Sometime back I interacted with professor Tom Holland’s Contours of Pauline Theology here, and which has surprisingly led professor Holland to give me an advance look at his forthcoming commentary on Romans, which is due this late spring early summer, from Wipf and Stock Publishers.
Professor Holland’s work will definitely be a welcome contribution to recent commentary’s on Paul’s Romans:
Why subtitle a commentary on Romans The Divine Marriage? Mainly because the central message of the Bible has to do with the drama of God seeking out a people for himself. The Old Testament described Israel as God’s bride because she was called to a unique, personal relationship with her God.
However, Paul’s contention is that national Israel’s exclusive claim to be the bride no longer stands. The apostle’s message is that God has created a new covenant with those who believe in his Son, and that believing Jews and Gentiles have now become the true bride of God. The Jewish remnant and believing Gentiles both draw from the same divinely-appointed stock as they share the promises given by God to Abraham.
The theme of the divine marriage (which is the culmination of the new exodus) shaped and guided the letters that Paul wrote. This is especially true for the letter to the Romans, the letter of the divine marriage.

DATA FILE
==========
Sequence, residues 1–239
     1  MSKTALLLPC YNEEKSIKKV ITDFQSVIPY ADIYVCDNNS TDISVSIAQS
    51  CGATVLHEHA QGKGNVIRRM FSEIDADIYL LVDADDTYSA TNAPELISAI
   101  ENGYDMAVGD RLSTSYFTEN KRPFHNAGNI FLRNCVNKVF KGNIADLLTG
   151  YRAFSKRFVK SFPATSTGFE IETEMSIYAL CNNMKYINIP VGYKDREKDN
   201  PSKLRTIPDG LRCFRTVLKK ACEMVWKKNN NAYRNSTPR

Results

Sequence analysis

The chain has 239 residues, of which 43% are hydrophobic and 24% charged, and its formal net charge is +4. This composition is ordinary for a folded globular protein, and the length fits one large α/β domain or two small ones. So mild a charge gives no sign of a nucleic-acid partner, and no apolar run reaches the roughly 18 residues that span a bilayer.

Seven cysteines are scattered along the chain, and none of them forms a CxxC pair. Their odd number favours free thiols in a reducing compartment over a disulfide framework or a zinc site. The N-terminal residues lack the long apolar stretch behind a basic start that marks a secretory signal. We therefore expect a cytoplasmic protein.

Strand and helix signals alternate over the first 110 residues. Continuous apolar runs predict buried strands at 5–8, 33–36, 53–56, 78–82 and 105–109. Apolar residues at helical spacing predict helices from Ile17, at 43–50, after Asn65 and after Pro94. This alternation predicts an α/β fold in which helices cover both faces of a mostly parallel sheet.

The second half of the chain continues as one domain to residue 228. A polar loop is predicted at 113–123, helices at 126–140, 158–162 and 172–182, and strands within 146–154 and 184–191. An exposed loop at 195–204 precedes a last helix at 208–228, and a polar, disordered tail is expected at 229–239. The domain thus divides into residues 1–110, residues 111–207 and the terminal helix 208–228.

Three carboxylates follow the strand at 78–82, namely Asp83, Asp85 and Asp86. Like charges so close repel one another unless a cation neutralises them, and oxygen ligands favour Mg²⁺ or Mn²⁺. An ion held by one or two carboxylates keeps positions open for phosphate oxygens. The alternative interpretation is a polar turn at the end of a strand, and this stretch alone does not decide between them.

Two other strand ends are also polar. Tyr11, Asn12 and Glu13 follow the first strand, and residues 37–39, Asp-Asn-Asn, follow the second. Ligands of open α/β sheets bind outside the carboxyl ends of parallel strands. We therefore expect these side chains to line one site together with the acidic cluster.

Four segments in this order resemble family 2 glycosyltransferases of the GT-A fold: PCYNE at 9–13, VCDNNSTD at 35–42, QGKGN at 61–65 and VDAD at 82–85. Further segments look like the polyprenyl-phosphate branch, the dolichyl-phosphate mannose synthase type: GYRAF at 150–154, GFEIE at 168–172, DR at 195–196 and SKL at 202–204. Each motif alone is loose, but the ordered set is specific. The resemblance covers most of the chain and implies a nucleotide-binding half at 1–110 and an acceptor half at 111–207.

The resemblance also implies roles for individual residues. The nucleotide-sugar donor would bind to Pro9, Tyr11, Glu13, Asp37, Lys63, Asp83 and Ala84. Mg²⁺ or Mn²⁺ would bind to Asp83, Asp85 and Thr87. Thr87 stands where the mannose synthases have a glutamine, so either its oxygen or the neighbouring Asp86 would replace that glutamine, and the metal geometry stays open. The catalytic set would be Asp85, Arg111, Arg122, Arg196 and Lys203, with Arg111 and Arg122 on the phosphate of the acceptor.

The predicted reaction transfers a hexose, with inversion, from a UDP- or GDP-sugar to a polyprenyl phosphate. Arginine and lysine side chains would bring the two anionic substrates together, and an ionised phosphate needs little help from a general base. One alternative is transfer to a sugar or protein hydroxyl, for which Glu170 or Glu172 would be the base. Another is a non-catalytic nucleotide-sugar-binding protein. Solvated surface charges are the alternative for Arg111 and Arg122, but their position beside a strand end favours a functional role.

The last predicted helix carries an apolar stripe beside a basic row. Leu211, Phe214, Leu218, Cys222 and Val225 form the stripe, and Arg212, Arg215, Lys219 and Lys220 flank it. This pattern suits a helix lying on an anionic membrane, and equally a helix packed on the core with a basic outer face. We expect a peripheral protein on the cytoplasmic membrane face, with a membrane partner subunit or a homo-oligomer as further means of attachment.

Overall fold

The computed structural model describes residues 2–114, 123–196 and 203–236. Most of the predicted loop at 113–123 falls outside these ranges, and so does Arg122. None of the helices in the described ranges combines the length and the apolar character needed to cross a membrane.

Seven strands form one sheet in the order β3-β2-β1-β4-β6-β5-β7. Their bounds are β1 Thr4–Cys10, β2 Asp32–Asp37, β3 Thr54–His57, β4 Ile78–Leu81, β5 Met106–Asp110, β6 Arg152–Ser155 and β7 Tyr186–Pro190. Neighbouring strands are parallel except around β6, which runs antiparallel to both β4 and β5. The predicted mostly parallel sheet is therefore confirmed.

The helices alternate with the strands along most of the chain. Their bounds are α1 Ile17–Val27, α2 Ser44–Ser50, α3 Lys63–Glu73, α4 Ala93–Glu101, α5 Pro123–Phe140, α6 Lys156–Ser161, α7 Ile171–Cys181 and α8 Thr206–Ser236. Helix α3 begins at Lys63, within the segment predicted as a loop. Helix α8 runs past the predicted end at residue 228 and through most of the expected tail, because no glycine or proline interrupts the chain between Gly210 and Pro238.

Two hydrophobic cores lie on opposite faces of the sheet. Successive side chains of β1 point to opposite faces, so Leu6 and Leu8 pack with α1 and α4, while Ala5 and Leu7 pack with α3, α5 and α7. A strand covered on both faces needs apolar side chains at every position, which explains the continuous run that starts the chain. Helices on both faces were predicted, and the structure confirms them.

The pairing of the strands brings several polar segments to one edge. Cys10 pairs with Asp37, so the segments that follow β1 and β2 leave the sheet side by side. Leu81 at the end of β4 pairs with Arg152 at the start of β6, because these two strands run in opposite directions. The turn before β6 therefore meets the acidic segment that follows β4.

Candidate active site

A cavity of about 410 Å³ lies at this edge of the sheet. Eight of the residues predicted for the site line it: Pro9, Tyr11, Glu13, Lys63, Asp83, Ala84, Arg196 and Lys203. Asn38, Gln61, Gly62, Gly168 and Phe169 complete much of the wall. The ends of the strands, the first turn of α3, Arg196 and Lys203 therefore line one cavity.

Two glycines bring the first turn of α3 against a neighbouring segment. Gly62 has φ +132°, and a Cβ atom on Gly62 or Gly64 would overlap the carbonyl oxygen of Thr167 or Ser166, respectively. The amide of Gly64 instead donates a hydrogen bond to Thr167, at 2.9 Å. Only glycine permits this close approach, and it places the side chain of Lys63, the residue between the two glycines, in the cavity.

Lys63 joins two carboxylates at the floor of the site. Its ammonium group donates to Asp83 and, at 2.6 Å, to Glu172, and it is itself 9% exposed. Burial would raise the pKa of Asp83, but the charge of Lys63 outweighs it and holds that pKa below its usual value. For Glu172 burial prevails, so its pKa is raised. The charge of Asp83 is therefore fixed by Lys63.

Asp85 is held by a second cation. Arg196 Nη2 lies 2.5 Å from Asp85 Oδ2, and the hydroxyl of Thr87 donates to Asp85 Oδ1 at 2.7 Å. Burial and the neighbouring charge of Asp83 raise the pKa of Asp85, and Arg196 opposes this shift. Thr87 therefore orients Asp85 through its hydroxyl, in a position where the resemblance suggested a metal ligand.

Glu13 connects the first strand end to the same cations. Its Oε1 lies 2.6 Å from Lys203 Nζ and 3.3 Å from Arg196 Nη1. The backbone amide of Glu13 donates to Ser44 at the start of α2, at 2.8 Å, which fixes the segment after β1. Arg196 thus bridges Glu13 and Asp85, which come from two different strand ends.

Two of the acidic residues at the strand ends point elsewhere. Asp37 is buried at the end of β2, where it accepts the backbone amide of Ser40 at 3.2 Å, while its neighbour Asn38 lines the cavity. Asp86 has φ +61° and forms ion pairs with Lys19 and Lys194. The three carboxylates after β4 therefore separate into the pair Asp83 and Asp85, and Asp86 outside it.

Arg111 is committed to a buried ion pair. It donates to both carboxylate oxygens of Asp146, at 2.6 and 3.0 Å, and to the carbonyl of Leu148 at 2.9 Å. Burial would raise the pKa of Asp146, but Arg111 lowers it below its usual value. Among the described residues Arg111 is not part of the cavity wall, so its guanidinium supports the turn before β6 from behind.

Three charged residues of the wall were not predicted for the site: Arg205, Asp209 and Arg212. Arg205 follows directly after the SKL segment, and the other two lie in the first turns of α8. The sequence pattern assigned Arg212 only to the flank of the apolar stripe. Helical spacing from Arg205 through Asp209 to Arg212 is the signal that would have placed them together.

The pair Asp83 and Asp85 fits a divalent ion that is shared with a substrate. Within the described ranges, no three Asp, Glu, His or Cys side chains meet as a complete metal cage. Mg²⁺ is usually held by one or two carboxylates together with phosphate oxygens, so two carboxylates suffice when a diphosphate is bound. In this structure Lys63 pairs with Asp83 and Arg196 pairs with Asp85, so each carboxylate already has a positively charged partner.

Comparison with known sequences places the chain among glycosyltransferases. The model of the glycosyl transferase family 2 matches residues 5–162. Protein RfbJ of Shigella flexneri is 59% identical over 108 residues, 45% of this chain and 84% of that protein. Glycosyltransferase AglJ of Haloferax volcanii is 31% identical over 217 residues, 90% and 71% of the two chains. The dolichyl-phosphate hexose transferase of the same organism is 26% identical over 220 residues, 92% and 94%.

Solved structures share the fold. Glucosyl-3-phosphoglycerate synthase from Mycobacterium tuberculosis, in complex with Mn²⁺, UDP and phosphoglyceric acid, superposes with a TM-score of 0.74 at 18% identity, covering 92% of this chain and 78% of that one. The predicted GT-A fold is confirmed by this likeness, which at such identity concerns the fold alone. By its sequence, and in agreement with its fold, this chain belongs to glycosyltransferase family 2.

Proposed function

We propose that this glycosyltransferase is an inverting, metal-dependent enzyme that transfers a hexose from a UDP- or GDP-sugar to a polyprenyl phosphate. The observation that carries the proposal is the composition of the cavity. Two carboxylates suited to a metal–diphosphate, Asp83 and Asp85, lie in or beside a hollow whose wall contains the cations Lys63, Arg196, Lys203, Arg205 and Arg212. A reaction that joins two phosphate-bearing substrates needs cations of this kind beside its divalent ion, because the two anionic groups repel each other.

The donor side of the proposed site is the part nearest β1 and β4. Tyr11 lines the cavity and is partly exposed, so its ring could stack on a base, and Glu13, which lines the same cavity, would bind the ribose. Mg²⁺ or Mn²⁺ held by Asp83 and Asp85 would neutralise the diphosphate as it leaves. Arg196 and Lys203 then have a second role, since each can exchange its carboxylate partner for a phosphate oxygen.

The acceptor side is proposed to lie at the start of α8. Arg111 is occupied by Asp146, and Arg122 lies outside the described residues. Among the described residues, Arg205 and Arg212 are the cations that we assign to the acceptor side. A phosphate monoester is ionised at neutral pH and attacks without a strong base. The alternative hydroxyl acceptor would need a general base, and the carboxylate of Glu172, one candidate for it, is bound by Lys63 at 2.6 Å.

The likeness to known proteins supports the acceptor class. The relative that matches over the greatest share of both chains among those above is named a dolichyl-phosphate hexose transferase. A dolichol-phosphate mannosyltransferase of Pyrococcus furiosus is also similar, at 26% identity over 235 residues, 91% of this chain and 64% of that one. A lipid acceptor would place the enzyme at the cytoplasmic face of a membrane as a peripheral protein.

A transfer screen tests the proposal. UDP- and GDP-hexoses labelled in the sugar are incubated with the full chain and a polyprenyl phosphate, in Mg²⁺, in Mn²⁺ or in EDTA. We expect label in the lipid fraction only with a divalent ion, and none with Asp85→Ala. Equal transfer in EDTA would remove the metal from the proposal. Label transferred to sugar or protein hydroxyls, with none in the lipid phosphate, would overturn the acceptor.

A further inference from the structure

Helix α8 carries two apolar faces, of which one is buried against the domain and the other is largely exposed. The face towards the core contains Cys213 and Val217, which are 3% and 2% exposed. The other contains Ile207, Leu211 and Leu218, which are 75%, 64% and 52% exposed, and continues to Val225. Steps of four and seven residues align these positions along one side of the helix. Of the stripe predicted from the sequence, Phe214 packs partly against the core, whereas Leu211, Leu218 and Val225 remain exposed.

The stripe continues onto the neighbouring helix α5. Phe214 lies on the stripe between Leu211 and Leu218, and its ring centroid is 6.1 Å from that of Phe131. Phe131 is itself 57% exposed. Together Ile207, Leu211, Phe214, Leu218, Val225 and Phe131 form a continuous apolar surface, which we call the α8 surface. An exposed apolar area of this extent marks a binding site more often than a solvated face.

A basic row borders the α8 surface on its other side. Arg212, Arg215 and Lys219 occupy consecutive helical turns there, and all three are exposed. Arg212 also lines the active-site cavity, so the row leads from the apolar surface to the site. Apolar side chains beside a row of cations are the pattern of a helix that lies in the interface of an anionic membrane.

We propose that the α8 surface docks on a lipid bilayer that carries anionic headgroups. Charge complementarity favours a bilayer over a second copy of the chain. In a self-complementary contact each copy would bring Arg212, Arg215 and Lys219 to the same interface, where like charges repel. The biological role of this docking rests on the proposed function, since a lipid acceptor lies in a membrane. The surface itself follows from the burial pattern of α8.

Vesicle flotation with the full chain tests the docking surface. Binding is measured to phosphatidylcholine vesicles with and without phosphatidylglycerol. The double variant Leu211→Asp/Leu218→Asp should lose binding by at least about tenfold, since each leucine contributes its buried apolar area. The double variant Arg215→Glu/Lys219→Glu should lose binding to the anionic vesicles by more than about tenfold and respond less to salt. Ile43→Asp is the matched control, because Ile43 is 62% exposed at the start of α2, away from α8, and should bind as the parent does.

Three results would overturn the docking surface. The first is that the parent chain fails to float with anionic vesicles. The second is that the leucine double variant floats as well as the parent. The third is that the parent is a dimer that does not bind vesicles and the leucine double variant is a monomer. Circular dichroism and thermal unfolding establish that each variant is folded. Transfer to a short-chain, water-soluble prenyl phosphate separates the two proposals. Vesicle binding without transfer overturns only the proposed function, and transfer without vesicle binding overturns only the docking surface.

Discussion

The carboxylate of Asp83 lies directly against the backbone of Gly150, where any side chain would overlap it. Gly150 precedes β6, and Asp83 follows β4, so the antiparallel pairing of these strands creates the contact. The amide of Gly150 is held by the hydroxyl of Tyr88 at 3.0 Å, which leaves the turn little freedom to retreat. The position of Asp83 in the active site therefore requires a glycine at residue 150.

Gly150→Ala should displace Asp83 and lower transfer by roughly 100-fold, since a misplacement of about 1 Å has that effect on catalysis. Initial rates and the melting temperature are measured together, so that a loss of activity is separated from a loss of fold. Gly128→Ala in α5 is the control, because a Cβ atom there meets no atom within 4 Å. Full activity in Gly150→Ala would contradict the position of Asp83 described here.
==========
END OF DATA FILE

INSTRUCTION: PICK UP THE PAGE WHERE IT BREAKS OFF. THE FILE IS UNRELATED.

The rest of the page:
And here’s Professor Robert W. Yarbrough, of Trinity Evangelical Divinity School, take on Holland’s Romans:
This vigorously argued commentary seeks to allow Old Testament themes and thought patterns, not misguided scholarly conventions, to control Romans’ message. Paul’s ministry is seen rigorously in old exodus terms; the church is the New Israel, Yahweh’s people and (along with the true Israel of old) figurative bride. Verses from the prophet Isaiah are particularly foundational. Organizationally, Holland’s treatment is strongly messianic in focus – every section of Romans is subordinated to “the Messiah King.” Scholars of Romans will be stimulated by interaction with this canonically alert, creative and frequently contrarian exposition and synthesis of a Pauline classic.
If you’re at all into Pauline studies and especially his letter to the Romans, this forthcoming commentary will make for health interaction.
And as Peter Wilkinson remarks, “All agree that Holland has moved the debate on Paul decisively forwards and that a significant counter-proposal to the proponents of the New Perspective on Paul has been launched.”
Stay tuned for a full review…
Tom Holland is full time lecturer in New Testament studies, at Wales Evangelical School of Theology, Bridgend, Wales.